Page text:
With any new adventure in life, you may find yourself traveling down the wrong path, and possibly getting lost along the way. No worries! It may be time to hit the reset button, and get yourself traveling back down the path to success.
This is the story of a new Bandster named Jill…. Jill AnyBandster.
After careful consideration and planning, the day finally comes when Jill receives her Lap Band. She is of course overjoyed.
Her new journey begins as she starts her recovery diet. After several weeks, Jill has completed the post-op diet phase. She was thrilled to have lost 20 Lbs. during the liquid diet, and has started eating solid food again.
Jill’s Patient Facilitator discussed with her how she will need to learn a new way of eating her food. She was told that she would need to take small bites, chew her food up completely before swallowing, and to space her bites by eating slower. Because Jill has no fill in her band at this time, she realizes that she really does not “feel” like too much has changed, so she continues to chew her food the way she did before having her Lap Band placed.
Jill is very excited about her band and makes a few adjustments to her diet, and continues to lose weight. A few weeks pass, Jill is down about 30lbs altogether (30% of her goal), the fast weight loss slows to a trickle and then stops.
Jill anxious to get the weight loss going again decides it is time to receive her first fill. So the day finally arrives when she receives her fill. After recovering from the fill, she soon realizes that things are very different than before. Jill, still not having learned that chewing lesson, attempts to eat the way she did before. As a result of not chewing up her food, she experiences her first PB episode (a PB is a “predictive burp” or a nice way of saying vomit) boy did she find that to be unpleasant! “Not sure why that happened”, she thinks to herself. She continues to eat in this manner, and continues to have uncomfortable and unpredictable eating experiences.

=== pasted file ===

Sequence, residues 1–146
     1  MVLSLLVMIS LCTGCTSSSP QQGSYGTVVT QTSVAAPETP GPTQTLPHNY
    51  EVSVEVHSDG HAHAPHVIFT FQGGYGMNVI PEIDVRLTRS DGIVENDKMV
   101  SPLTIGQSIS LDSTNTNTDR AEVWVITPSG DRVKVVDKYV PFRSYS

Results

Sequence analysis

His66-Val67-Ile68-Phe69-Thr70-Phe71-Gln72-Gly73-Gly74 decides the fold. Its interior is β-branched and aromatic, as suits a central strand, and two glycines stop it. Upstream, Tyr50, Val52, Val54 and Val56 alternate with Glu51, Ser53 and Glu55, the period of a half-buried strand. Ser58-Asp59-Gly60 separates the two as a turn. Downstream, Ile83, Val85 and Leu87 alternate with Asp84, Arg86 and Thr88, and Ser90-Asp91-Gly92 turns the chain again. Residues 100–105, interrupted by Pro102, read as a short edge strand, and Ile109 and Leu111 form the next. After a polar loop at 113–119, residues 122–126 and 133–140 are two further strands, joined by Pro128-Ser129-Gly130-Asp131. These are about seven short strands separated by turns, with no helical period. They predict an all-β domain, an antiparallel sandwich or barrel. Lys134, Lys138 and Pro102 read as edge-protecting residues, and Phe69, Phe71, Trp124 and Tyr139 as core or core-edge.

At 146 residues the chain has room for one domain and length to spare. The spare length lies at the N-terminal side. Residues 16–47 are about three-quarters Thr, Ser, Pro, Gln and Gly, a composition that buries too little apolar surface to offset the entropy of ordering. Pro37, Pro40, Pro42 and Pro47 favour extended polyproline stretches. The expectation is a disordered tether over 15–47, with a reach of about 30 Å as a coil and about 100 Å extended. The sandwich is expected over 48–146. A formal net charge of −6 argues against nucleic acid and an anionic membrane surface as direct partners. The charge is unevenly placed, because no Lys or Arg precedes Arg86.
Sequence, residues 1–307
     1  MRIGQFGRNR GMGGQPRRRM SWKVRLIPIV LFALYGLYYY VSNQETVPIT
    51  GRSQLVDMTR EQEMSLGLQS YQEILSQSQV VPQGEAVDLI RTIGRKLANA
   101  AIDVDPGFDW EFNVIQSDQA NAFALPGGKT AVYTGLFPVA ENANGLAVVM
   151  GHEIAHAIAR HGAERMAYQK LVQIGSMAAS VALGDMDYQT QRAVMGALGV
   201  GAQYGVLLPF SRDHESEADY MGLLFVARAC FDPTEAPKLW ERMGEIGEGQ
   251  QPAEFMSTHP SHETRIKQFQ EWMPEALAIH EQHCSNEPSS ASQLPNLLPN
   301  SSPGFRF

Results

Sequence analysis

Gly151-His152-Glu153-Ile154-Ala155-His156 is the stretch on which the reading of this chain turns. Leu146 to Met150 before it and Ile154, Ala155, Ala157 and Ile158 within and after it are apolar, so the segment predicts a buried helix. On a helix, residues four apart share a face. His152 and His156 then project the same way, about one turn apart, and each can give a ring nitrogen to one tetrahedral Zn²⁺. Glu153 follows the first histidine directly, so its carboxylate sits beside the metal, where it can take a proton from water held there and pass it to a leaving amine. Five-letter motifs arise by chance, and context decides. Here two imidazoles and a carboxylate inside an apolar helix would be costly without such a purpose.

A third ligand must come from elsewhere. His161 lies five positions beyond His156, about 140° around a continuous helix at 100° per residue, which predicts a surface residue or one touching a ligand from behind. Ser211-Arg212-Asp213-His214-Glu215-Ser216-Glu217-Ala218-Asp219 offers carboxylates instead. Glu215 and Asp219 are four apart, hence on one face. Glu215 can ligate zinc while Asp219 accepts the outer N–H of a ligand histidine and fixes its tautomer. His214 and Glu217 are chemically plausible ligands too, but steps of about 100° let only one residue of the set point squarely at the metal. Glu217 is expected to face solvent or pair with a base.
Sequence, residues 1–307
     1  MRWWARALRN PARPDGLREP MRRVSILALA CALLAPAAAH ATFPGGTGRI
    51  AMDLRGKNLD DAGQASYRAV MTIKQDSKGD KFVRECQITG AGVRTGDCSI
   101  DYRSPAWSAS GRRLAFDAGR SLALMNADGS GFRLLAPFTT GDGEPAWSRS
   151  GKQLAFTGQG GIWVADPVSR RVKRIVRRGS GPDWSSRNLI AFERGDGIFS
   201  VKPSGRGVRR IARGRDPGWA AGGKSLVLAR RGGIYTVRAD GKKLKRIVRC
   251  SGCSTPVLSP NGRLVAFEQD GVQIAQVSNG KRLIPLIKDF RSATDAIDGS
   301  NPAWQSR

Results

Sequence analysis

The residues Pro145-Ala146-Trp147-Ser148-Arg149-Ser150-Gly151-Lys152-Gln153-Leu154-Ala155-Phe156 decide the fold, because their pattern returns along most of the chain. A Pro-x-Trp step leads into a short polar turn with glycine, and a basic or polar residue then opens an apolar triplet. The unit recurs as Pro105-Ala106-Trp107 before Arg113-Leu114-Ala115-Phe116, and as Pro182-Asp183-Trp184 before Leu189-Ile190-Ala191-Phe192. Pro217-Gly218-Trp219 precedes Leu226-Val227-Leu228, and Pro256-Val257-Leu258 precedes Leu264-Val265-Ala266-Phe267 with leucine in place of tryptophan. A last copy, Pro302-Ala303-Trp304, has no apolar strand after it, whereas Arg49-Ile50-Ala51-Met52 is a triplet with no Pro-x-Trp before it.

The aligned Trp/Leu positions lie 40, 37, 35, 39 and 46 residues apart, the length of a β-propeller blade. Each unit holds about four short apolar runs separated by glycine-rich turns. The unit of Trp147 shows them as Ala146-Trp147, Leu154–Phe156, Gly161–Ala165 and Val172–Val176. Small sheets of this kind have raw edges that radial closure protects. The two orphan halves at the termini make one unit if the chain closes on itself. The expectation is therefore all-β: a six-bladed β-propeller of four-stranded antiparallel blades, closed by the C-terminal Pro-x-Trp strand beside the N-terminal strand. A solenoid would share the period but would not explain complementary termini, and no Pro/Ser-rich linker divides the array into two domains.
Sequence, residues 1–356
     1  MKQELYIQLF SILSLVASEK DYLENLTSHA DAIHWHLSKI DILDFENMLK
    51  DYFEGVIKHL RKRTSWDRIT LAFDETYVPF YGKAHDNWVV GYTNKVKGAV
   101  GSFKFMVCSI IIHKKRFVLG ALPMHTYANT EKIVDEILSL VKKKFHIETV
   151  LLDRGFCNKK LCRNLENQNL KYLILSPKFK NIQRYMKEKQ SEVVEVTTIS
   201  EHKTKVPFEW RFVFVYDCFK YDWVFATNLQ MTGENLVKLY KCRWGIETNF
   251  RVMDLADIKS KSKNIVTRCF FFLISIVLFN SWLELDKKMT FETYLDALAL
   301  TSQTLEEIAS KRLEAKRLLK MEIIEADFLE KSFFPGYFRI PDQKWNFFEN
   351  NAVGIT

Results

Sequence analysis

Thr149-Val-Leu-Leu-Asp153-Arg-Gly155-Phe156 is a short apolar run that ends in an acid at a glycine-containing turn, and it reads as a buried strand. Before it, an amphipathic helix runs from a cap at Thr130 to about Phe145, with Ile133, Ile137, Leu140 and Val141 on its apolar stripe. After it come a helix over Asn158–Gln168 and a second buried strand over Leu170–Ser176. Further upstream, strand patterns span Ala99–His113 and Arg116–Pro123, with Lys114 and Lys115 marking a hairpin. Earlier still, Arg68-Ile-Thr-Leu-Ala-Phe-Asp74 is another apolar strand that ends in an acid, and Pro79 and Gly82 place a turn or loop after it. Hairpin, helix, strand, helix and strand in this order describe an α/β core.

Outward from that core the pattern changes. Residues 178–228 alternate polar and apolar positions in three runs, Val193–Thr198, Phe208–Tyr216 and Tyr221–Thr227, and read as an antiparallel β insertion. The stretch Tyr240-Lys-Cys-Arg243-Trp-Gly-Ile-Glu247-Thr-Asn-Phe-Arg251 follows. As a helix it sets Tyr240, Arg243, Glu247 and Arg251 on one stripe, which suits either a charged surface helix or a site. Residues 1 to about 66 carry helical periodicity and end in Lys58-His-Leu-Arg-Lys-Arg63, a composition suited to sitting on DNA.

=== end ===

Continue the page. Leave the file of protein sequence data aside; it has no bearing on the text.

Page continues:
It’s not long before Jill realizes that eating the recommended Bandster type meal (solid protein, followed by a vegetable) is too uncomfortable and takes too much time to eat. She starts to switch to “easy” or “slider foods”. She finds these foods don’t require her to take small well chewed bites, and she can eat them with hardly any discomfort at all.
Unfortunately for Jill, she is unaware that by choosing “easy slider foods” she is now eating around the band, not allowing it to work as it is designed. These slider types of foods (even healthy ones) move quickly from the smaller upper pouch, and easily slide into the lower stomach, not allowing a long enough time to give the sensation of fullness, that keeps you from over eating.
Jill starts to notice that she is not losing weight like before; in fact she has not had any weight loss for several months. She decides that she should get another fill to start her weight loss going again.
Having never adapted to her new eating style by chewing up her food, she continues to struggle, and is now having PB episodes more often. Some days, she can’t eat a bite before 2:00 pm, but is starving by evening and then can’t seem to stop wanting to eat. Jill finds herself having to force food to get anything down, but doesn’t seem to be eating that much. She is very frustrated now and can’t understand why she is not losing weight even though she is not eating that much. Jill, thinking that getting an “un-fill” would only slow down her progress further, decides to struggle through the discomfort. Weeks go by with no more weight loss. After weeks of no forward progress and constant struggle, Jills motivation is zapped. She stopped working out, and planning her meals. Most days she forgets to write in her food journal. The joy of having a meal is completely gone. And now she is gaining back weight.